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Laughter Lounge Continues to Tickle

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No other event in my SUSU schedule seems as consistently enjoyable as Laughter Lounge. As a conseur of television comedy, a laughter junkie if you will, it is easy to forget the simple pleasure of attending stand-up, live and uncensored. Watching live comedy is to see the comedian in it's natural habitat, unchained and ready to ridicule your housemate at any moment on their choice of attire for the evening.

Bryan Lacey did a stirling job of comparing the evening, with material mainly focused in the groinal region, raising that age-old question of what to name your own genetalia. Several intimate revelations later, Liam Williams came to the stage, taking an irreverant look at some of the high-octane entertainment coming up in SUSU, highlighting the upcomming 'Vinegar Dipping Evening' as particularly noteworthy. 'You're living the dream', he added. Williams' set was an amalgam of slow-burning one-liners and explosive enactments of his subject matter, nearly hacking the mike stand in two as punctuation superhero 'Grammar Man'. However, he was surely at his best spinning lyrical yarns about his youth in Cambridge's answer to Jesters, engaging the audience with vivid portraits of detestable clubbers. 

Tom Toal was the night's second act, and subsequently insisited on talking in the third person. In fact, he could have written that last sentence. His swaggering 'lad' charisma carried well over to the audience, reaffirming that the only thing worse than your mother seeing you naked is for her to then critique. His set was varied, and the impromptu musical accompaniment to a skit mid-performance was an inspired innovation, whilst putting a fresh spin on old chestnuts such as the problem of parents on Facebook was well-judged.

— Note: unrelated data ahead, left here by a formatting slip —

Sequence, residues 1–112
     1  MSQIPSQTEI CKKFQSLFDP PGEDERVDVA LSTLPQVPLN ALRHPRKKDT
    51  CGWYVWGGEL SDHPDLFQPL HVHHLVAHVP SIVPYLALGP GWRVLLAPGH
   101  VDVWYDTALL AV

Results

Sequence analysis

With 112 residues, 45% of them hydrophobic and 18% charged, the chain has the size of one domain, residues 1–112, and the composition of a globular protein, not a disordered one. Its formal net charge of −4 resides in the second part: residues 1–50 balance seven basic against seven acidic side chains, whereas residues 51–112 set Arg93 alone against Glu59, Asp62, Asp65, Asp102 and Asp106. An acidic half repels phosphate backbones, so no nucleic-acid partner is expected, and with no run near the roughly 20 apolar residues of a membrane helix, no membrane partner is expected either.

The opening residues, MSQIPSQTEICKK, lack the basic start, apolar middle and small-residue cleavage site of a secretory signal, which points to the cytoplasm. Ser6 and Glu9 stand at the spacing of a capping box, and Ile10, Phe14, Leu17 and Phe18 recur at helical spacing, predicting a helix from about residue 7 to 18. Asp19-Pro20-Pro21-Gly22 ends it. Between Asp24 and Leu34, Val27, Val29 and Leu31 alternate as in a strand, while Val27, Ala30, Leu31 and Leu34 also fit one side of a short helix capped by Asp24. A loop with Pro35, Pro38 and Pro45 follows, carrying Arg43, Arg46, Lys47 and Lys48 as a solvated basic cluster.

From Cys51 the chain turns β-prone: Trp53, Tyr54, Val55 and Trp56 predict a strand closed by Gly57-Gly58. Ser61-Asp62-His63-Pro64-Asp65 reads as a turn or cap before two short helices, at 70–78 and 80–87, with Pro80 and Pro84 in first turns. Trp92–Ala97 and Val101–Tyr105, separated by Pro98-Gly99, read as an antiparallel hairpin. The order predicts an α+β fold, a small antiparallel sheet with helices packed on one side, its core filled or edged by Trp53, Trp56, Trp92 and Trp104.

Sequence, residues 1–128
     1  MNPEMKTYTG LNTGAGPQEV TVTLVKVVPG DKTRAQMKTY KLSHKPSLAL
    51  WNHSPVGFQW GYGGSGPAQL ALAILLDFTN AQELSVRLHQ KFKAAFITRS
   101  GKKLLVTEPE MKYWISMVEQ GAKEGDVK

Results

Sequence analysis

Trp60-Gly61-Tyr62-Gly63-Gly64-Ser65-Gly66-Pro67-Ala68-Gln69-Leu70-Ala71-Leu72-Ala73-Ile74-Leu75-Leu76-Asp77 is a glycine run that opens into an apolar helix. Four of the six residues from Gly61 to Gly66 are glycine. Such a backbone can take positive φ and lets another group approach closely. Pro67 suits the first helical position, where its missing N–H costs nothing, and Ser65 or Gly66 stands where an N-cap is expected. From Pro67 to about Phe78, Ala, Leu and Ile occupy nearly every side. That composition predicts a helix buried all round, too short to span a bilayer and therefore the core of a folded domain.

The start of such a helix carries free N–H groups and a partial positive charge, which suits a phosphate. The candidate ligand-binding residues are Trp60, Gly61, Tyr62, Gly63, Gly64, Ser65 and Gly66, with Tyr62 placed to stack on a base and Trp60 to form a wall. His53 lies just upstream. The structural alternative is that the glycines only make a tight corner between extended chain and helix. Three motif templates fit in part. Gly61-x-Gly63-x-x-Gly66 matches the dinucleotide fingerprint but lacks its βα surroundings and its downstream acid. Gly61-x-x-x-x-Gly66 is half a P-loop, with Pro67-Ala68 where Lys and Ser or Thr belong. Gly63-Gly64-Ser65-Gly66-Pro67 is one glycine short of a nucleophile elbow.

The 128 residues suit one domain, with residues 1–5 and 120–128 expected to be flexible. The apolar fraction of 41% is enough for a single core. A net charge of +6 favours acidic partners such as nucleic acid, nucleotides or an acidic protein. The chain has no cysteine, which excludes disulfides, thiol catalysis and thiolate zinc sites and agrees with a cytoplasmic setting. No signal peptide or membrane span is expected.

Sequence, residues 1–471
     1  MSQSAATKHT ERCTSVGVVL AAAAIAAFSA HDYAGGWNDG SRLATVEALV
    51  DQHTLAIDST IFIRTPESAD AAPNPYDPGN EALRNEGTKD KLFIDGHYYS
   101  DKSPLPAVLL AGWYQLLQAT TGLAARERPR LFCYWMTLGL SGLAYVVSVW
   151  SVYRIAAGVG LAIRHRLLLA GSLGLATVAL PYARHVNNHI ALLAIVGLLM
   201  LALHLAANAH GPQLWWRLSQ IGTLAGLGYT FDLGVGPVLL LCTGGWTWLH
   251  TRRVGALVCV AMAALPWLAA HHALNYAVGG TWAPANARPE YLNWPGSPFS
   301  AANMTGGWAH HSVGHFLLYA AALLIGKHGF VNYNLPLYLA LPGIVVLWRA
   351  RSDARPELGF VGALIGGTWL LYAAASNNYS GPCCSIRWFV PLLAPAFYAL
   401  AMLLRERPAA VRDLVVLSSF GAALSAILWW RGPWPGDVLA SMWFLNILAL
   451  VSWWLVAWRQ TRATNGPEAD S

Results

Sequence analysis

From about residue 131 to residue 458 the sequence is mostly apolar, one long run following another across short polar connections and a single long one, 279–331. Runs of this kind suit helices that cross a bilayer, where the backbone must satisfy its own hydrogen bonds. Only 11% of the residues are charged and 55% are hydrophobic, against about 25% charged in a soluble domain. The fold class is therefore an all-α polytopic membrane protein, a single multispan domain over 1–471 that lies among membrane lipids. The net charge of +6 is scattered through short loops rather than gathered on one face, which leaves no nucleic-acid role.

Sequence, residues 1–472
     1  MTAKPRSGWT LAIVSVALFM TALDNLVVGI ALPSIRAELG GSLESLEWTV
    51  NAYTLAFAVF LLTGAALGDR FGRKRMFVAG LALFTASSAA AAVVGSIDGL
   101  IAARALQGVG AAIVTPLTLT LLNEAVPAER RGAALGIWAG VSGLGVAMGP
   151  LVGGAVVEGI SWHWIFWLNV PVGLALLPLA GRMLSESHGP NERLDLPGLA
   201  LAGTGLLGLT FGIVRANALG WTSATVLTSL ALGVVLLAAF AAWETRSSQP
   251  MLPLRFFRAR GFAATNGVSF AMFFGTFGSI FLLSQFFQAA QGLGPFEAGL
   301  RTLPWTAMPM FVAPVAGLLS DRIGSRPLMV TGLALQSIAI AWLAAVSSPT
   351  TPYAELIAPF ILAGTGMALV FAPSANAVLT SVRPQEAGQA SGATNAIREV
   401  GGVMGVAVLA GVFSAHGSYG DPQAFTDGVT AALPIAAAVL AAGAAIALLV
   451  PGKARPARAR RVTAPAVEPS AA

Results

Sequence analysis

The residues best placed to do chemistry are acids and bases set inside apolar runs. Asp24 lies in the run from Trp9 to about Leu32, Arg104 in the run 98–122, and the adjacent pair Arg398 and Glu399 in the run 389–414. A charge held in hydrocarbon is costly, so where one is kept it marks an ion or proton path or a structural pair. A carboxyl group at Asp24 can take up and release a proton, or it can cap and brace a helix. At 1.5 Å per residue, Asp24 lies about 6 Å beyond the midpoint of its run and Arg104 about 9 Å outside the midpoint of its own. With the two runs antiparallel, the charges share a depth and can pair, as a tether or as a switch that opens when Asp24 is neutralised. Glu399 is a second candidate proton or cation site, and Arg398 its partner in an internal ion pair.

The night's final installment was Iain Stirling of CBBC fame, whose opening gambit was to affirm that 'my dad is from Noway, and my mum was in McFly'. A performer hardened on the unforgiving Scottish stand-up circuit, Stirling recalled his experiences with hapless American comedians who presumably unaware of the somewhat liberal usage of colourful language in the UK. Luckily, the presence of a singular Scottish audience member gave Stirling an avenue into more tales of life back home, as seems customary for any performer with a regional accent. However, his more successful material grew when he focused attentions outside of Scotland, involving the problems of deficating undetected in a spouse's bathroom, or his barely constrained anger towards Hollyoaks.

As always, Laughter Lounge was an engaging and enjoyable event, and surely better than Mock The Week re-runs at any rate. 

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